Cardiac output is the volume of blood pumped by the heart in one minute. It is calculated by multiplying the number of heart contractions that occur per minute (heart rate) times the stroke volume (the volume of blood pumped into the aorta per contraction of the left ventricle). Therefore, cardiac output can be increased by increasing heart rate, as when exercising. However, cardiac output can also be increased by increasing stroke volume, such as if the heart were to contract with greater strength. Stroke volume can also be increased by speeding blood circulation through the body so that more blood enters the heart between contractions. During heavy exertion, the blood vessels relax and increase in diameter, offsetting the increased heart rate and ensuring adequate oxygenated blood gets to the muscles. Stress triggers a decrease in the diameter of the blood vessels, consequently increasing blood pressure. These changes can also be caused by nerve signals or hormones even standing up or lying down can have a great effect on blood pressure.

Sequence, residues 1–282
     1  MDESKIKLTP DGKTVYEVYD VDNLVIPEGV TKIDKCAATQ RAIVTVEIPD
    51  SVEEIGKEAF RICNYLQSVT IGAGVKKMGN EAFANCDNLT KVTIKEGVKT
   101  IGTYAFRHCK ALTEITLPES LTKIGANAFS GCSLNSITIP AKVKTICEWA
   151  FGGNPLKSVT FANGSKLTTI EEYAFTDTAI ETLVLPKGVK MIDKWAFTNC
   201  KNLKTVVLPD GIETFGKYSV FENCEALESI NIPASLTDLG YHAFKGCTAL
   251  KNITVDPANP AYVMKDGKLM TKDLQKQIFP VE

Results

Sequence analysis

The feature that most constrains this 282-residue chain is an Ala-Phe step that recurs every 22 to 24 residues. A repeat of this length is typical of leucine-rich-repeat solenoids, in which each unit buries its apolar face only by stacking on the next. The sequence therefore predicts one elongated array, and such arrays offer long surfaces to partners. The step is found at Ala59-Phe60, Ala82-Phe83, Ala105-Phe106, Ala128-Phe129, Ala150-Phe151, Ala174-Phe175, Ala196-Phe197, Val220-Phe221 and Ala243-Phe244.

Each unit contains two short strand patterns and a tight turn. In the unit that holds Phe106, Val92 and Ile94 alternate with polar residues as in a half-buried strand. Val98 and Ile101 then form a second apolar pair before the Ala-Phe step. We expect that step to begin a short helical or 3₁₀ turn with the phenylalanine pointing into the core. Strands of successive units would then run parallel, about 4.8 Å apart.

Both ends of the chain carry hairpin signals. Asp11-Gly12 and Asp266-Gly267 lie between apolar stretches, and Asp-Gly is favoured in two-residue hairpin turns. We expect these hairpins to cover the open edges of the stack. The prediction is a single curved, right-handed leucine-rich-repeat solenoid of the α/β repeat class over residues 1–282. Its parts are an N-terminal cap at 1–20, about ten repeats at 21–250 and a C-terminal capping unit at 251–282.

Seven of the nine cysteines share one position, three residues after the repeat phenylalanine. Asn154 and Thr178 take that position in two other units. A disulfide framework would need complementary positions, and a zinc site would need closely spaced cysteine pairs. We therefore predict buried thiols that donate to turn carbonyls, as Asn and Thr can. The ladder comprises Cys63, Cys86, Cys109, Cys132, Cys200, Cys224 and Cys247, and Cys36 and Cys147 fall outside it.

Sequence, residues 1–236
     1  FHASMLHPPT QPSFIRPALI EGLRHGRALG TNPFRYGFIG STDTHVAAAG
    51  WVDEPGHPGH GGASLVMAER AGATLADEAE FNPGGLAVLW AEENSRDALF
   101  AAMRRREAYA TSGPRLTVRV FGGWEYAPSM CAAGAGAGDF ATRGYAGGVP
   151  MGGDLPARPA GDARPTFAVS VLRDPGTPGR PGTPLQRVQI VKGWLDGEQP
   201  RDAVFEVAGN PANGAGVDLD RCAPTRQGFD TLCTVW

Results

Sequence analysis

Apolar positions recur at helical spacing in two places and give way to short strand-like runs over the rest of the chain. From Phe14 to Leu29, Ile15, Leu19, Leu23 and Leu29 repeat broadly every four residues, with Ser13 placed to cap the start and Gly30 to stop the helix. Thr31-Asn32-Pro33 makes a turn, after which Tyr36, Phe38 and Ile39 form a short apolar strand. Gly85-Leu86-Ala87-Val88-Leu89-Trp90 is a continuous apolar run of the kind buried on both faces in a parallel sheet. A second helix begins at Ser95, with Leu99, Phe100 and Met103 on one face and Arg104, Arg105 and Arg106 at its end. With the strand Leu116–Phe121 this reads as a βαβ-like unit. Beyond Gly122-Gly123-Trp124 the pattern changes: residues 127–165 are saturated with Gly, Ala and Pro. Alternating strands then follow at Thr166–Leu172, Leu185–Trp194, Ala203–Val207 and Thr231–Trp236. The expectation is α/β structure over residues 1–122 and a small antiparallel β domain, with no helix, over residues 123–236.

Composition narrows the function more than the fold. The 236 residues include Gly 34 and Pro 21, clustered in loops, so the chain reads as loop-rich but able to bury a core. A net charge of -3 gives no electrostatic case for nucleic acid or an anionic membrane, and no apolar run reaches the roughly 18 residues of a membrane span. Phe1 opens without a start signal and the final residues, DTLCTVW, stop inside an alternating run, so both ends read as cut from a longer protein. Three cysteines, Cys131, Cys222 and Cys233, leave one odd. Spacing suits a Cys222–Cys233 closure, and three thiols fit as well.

Diagnosis and Tests

How is resistant hypertension diagnosed?

To make a diagnosis of resistant hypertension, your healthcare provider may:

Get a detailed history and physical exam. In a detailed history your provider may ask when your high blood pressure began and how long it’s been going on current drugs you take (including herbal medications) and if you take them as prescribed and questions about possible secondary causes of your uncontrolled hypertension.

The physical exam will look for abnormal changes in the eye (a condition called hypertensive retinopathy), and abnormal sounds called bruits (vascular murmur) over some major arteries. These bruits may signal abnormal deposits of fatty tissue, also called plaques, in these blood vessels.

Order laboratory tests. These may include a urine test for protein or albumin blood tests for glucose, electrolytes such as sodium and potassium and the blood creatinine level. A blood test may be done for adrenal hormones, to screen for possible disease in the adrenal glands. In addition, since hypothyroidism can contribute to high blood pressure, you may also be tested for thyroid disease.